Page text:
Styrofoam is a non-biodegradable material that is used for packaging in the shipping industry, and the world produces over 14 million tons of it each year.
This poses a major problem to our environment, as landfills are filling up at record rates partially due to the use of styrofoam.
Not only is styrofoam non-biodegradable but it is also non-recyclable. This means that when you throw a styrofoam cup into the trash, it goes straight to the landfill, and there it will stay, but for how long?
According to Washington University, Styrofoam takes 500 years to decompose.
This fact has a large ecological impact, as it means that our landfills are filling up at an alarming rate. Styrofoam and styrofoam products fill up to 30% of our landfills.
A report from The Recycling Revolution has revealed that packaging materials take up a third of the average dump. It is also estimated that 20% of the styrofoam thrown away will end up in waterways.
On average, 5 pounds of trash are thrown away by each individual person per day. This adds up to around a ton of trash produced by the average American every year.
The US produces more trash than any other country in the world. 5% of the world’s population produces 40% of the trash. If this seems like a crazy statistic to you, that’s because it is!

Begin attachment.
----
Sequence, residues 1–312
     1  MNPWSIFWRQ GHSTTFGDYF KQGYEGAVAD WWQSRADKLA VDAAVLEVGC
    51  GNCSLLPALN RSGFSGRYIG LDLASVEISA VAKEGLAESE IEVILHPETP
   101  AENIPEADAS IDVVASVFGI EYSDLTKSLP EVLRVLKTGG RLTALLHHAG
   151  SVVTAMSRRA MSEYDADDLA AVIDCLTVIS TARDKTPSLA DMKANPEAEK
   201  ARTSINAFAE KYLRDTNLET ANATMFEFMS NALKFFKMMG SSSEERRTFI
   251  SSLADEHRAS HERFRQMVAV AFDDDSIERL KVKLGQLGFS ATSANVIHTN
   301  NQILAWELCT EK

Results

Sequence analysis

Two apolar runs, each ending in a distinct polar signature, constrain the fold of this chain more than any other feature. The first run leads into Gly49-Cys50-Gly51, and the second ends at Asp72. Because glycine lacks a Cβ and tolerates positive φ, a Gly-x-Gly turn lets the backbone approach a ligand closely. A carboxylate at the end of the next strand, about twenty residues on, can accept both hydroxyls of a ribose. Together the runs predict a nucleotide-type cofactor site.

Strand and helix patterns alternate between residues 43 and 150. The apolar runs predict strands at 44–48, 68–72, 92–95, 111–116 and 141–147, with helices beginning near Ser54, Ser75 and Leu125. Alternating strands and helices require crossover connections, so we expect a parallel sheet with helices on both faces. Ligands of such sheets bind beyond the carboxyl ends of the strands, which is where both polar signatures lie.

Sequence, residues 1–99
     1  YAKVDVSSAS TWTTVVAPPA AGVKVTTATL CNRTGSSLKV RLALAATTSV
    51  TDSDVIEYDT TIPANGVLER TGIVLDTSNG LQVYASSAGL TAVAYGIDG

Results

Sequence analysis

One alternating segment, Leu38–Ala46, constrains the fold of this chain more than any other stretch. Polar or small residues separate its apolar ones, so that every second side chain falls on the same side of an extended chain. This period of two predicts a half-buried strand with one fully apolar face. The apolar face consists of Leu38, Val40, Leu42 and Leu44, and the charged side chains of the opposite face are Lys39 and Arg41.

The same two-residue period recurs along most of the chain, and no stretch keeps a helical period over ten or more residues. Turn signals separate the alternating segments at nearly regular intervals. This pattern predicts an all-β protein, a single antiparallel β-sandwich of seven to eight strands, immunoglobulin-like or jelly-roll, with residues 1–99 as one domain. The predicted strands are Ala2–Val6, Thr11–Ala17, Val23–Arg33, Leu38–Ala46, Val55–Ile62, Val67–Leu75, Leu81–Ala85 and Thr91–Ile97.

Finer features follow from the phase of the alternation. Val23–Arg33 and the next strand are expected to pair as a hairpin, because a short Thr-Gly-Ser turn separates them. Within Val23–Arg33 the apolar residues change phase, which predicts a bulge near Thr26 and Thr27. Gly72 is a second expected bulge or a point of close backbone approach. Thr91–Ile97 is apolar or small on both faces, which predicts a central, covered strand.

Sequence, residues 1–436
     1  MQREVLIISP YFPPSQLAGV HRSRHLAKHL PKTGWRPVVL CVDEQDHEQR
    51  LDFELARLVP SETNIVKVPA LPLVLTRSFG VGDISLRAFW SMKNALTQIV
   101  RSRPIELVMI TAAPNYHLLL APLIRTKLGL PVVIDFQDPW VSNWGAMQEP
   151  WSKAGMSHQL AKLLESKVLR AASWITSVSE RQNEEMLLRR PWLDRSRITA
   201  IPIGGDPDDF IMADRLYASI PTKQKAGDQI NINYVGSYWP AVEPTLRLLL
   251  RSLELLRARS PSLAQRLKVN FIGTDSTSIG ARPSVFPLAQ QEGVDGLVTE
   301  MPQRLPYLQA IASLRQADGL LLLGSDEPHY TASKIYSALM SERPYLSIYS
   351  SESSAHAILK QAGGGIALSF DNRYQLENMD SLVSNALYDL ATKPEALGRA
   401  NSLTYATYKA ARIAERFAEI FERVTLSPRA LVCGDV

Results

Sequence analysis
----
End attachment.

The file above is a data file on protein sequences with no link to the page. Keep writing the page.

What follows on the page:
There are several reasons why Styrofoam is used so prevalently around the world. It is a low-cost, lightweight material with good insulation properties and durability.
However, these same qualities have hidden indirect costs associated with the use of styrofoam.
The production process of styrofoam also has a detrimental impact on the environment. It involves the use of hazardous chemicals, fossil fuels, and the emission of greenhouse gasses.
It is relatively inexpensive to produce, which is another reason for its overuse.
While styrofoam has the benefits of being a lightweight, durable, inexpensive packaging material with insulating properties, the product has a sleuth of negative consequences, from the production process to the disposal.
The production of styrofoam includes the use of carcinogenic chemicals, which may be residually present in the product by the time it is available for consumer use.
What Is Styrofoam?
Styrofoam, also known as polystyrene, is a name commonly used for a variety of consumer products. For instance, packing peanuts and egg cartons are common examples of products that typically use styrofoam.
“Styrofoam” is a trademarked name for a specific type of plastic foam called Dow Chemical’s foam insulation, but it has become the common term for this type of material.
Styrofoam is a petroleum-based material, similar to the plastic that is used for things such as CD cases, but in expanded form.
This expanded foam has been used for things such as food service containers, home, and appliance insulation products, and product packaging for shipping.
This expanded foam-like plastic consists of 95% air, which makes it lightweight and gives it good insulation properties.
When Was Styrofoam Invented?
The trademarked brand of styrofoam was manufactured first as building insulation by The Dow Chemical Company in the 1940s, and since then “styrofoam” became the colloquial term for the material often used in food containers and packaging.